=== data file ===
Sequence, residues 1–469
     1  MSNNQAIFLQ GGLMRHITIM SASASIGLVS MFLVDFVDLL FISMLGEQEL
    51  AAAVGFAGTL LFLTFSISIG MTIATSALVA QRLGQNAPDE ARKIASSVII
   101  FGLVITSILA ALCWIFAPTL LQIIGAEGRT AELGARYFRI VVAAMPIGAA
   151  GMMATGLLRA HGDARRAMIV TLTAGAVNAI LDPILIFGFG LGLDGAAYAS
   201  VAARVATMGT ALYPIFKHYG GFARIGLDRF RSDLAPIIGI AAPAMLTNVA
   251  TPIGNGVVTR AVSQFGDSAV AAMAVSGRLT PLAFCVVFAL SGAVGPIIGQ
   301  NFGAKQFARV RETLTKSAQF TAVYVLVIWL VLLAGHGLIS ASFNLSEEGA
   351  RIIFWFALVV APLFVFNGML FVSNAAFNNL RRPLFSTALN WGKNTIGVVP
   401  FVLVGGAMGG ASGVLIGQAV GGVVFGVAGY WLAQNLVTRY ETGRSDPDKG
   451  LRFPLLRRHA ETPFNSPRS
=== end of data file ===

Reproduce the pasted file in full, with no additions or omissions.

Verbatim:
Sequence, residues 1–469
     1  MSNNQAIFLQ GGLMRHITIM SASASIGLVS MFLVDFVDLL FISMLGEQEL
    51  AAAVGFAGTL LFLTFSISIG MTIATSALVA QRLGQNAPDE ARKIASSVII
   101  FGLVITSILA ALCWIFAPTL LQIIGAEGRT AELGARYFRI VVAAMPIGAA
   151  GMMATGLLRA HGDARRAMIV TLTAGAVNAI LDPILIFGFG LGLDGAAYAS
   201  VAARVATMGT ALYPIFKHYG GFARIGLDRF RSDLAPIIGI AAPAMLTNVA
   251  TPIGNGVVTR AVSQFGDSAV AAMAVSGRLT PLAFCVVFAL SGAVGPIIGQ
   301  NFGAKQFARV RETLTKSAQF TAVYVLVIWL VLLAGHGLIS ASFNLSEEGA
   351  RIIFWFALVV APLFVFNGML FVSNAAFNNL RRPLFSTALN WGKNTIGVVP
   401  FVLVGGAMGG ASGVLIGQAV GGVVFGVAGY WLAQNLVTRY ETGRSDPDKG
   451  LRFPLLRRHA ETPFNSPRS